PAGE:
3. Wait a while: the taskbar will disappear. Then, its contents will reappear, sometimes rapidly, sometimes more slowly (never takes more than 20 seconds on any of my PCs, though).

When that process is complete, the host taskbar should obligingly disappear when you work in the RDP session window. At least, that’s how it works on my Windows 10 production desktop now. If the problem recurs, repeat the foregoing steps.

Not much to it, really. But good to know, should you ever find yourself in that situation. Cheers!

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Windows 11 Start Menu Video Ignites User Fury

Earlier this week, MS sent an email to Windows Insiders. It included a link to a YouTube video. It’s dated June 28, 2021. It’s entitled “Windows 11 Insider Story — How We Made the Start [Menu].” Alas, this revived but older piece about the Windows 11 Start menu ignites user fury worldwide. I mean: people are seriously aggravated.

Note: The comment obscured in the lead-in graphic by category data reads “It’s really easy to design something that you like…” A small part of the flap is that this sentiment is contrary to prevailing responses from actual Windows 11 users. While I’m not as taken aback as many on this topic, I’ve had my own issues with the Start Menu over the past 10 months, for sure.

Why Windows 11 Start Menu Video Ignites User Fury

Paul Thurrott’s coverage of this item makes a good example. In fact, it’s something of a nonpareil in its incredulity and scorn.  Thus, I quote the first bit to illustrate the reactions it’s provoking:

If you have any hope at all that Microsoft put any thought into the design of the Windows 11 Start Menu, do not watch this video. If on the other hand, you hate yourself and everything you care about, this is a fantastic way to develop a drinking problem.

I cannot believe they published this video. It makes what was bad even worse.

You can find similar stories at other Windows news and info outlets, including Windows Latest. In the current climate of misinformation, Microsoft’s blithe assertions about listening to and learning from user input is almost scary. But it’s a year old, people. And it’s based on the earliest version of Windows 11 ever previewed. Come on!

Houston … err, Redmond … We Have a Problem

Indeed, the Start Menu in Windows 11 has been a constant source of consternation, upset and sometimes outright hostility pretty since Day 1. Remember: the Windows 11 Insider Preview also went public on June 28, 2021. I’m a daily reader of all the active threads on ElevenForum.com. Thus, I can personally attest that the Windows 11 start menu is a constant and ongoing cause for chatter, comment, complaints and more.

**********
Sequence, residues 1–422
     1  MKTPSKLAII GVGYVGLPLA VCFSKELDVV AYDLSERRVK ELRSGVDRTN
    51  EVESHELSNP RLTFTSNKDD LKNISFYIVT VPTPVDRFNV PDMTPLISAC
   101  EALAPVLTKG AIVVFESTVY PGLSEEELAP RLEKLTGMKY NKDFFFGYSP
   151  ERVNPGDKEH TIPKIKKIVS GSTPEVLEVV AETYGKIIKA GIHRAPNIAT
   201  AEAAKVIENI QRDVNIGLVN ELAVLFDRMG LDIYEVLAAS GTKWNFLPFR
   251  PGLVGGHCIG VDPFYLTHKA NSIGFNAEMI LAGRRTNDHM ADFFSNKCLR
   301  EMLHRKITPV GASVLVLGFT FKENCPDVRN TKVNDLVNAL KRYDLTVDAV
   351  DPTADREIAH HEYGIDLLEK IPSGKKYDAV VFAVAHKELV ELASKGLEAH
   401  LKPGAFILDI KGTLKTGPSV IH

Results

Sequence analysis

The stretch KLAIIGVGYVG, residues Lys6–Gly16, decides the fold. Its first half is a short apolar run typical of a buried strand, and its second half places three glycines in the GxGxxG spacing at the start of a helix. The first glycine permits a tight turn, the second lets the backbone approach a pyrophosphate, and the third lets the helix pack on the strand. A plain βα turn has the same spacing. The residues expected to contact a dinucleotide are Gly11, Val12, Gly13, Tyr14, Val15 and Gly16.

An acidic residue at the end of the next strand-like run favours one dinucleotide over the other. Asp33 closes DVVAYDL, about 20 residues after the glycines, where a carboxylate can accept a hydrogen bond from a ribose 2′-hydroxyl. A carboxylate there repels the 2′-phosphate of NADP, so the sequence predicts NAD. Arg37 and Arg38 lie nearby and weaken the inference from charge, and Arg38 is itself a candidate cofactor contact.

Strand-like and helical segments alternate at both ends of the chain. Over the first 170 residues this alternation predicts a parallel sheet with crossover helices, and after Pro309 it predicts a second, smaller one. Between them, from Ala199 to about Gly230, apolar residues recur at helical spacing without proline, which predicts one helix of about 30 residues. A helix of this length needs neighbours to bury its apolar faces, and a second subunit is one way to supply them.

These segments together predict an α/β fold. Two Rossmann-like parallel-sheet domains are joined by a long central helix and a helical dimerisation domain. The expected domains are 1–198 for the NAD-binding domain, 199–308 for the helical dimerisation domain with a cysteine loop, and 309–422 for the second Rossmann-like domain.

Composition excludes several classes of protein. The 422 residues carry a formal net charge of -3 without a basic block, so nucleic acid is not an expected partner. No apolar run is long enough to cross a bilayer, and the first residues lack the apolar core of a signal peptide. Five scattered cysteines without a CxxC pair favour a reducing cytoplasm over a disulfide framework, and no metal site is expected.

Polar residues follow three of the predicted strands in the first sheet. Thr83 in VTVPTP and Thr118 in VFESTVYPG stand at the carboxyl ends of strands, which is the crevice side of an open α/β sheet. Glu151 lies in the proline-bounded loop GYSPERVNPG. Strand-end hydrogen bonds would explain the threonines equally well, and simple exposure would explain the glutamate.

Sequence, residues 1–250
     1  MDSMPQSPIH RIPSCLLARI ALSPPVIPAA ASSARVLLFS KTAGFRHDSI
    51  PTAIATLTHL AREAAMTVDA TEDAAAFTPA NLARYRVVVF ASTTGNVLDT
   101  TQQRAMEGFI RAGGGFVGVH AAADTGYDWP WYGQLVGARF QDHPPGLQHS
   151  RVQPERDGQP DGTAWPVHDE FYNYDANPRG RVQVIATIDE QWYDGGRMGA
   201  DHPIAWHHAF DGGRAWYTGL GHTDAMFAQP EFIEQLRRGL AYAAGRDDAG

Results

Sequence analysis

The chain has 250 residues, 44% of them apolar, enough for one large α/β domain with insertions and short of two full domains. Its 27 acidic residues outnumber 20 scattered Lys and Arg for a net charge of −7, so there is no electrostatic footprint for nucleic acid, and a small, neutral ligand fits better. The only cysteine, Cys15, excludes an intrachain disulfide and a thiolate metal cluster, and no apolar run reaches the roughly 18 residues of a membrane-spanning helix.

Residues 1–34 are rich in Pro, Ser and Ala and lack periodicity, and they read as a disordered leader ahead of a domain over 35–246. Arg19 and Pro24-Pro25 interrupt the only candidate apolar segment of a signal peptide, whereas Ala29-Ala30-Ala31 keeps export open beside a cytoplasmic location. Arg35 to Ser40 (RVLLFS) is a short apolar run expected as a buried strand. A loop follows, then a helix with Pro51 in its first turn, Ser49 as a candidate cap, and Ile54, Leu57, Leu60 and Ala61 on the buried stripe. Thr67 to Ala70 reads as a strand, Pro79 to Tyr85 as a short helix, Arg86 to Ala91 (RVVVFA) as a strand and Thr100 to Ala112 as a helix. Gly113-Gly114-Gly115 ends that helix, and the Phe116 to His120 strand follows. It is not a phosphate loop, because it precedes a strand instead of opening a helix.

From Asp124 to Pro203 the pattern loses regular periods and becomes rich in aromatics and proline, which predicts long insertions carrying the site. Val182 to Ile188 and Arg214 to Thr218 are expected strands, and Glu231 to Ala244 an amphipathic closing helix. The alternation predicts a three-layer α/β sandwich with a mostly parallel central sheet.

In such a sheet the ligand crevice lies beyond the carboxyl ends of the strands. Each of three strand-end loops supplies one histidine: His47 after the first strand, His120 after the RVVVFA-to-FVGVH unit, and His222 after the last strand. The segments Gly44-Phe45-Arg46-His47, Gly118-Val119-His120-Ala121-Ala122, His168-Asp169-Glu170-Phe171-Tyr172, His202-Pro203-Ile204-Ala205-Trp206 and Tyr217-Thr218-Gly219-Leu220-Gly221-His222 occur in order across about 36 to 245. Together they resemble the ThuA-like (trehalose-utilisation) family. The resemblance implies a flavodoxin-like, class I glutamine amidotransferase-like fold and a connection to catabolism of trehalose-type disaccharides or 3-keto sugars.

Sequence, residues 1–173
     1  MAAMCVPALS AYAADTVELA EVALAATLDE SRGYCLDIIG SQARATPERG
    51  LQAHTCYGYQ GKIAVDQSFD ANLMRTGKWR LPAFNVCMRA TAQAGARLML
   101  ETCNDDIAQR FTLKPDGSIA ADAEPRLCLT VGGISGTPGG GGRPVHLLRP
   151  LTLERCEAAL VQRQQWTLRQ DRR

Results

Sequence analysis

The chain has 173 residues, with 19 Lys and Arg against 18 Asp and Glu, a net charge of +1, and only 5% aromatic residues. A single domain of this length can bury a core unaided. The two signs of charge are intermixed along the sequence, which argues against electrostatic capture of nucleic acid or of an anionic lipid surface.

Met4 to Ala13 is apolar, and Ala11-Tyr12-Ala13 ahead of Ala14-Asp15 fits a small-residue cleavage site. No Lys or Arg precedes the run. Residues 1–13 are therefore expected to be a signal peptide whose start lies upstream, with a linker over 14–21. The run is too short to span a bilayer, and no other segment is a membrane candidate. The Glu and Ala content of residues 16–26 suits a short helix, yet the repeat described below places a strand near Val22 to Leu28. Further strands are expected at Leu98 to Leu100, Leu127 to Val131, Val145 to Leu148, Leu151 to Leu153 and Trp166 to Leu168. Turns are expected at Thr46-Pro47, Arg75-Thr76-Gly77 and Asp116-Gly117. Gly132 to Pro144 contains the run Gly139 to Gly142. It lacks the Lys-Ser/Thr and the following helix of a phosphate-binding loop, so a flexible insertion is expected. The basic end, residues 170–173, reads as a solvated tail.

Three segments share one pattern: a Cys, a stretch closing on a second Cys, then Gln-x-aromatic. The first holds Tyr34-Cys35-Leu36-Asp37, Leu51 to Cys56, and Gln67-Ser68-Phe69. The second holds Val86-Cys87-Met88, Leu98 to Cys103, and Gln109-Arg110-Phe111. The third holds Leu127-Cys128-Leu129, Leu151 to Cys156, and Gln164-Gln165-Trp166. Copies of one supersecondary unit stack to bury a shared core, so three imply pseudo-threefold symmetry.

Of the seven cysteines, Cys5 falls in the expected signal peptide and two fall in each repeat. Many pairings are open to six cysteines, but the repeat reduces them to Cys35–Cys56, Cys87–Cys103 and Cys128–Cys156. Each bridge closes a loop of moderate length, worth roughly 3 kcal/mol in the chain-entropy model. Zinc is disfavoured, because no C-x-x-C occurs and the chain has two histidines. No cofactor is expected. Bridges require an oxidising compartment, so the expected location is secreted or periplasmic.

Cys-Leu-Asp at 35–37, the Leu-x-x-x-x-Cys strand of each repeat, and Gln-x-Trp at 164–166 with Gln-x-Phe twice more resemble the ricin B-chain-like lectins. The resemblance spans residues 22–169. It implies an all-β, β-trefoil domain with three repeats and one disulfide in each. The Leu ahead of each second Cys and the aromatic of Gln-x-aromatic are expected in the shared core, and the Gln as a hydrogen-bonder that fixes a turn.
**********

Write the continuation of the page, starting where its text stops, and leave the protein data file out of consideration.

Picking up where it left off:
This same impression is pretty consistent across all the public feedback channels I can easily access, including Microsoft Answers and various Microsoft forums. Ditto for chatter on the MS news and info sites. Thus, the video comes off as either disingenuous or seemingly, from some alternate reality.

All this said, the situation is somewhat a case of “Much ado about nothing.” The feedback from users is pretty consistent that the Windows 11 Start Menu still needs work, and reasonably specific about what kinds of things are needed or wanted. I have to believe that MS really is listening and that they will get it right over time. But they’re not there yet, however much this year-old item might imply otherwise. I’m sure the tempest will soon die down, and we can all get back to work.

I did find Thurrott’s comments darkly funny, and hope you got a chuckle from them, too.

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Windows 11 Uptake and Deployment March 2022

Though the numbers vary between AdDuplex and StatCounter, the growth rate for Windows 11 for March 2022 shows only slight change.  For the former, share went from 19.5 to 19.7%; for the latter, from 7.89 to 8.45%. Not much growth in Windows 11 uptake and deployment March 2022, in other words. What does it mean? I have some ideas, so please let me share them.

Windows 11 Uptake and Deployment March 2022 Is Consumer Driven

Aside from Microsoft’s own in-house deployment of 190K-plus copies (see this Thurrott.com story with MS pointers for more info), major corporate or organizational migrations to the new OS are mostly still pending. This is no surprise, because migrations usually take a year or more to plan, and at least 6 months to complete. Double those numbers for the largest organizations. Simply put: business use of Windows 11 for medium-sized businesses and larger is slim to none.

So who’s using Windows 11? Aside from pilot projects and evaluations (which are ongoing in business or organizational circles), there are two major populations running Windows 11:

  1. Enthusiasts, power users and Windows aficianados (in which group I count myself) who have upgraded from Windows 10 to Windows 11, or performed clean installs on new builds or wiped systems. I’m guessing there are 100-200 million such users globally, with somewhere between 250 and 500 million PCs involved. With 11 PCs here at Chez Tittel, I’m an outlier on the high end, but nowhere near the top of that heap.
  2. PC buyers who purchase systems with Windows 11 pre-installed. With 340 million PCs purchased in 2021, and north of 350 million projected for 2022, at least 40% are likely to include Windows 11. That’s 300M-plus PCs!

This is my foundation for claiming 500M PCs could be running Windows 11 by the end of 2022. Right now, I’d be surprised if that number exceeds 300M. But it’s still a consumer/end-user thing, and likely to stay that way until 2023 and beyond.

The Long Tail Goes On and On…

I had my eyes checked late last month. Last year, all of the shop’s systems still ran Windows 7. Now, the front of the house (receptionist, sales staff, technicians) are on Windows 10. Both of the on-staff ophthalmologists, however, are still on 7. I have to guess that for most small-to-midsize operations that’s a pretty normal thing. Bigger companies are more likely to be on 10 now that EOL support for Windows 7 is so expensive, and “running naked” (i.e. unsupported) so dangerous and unattractive.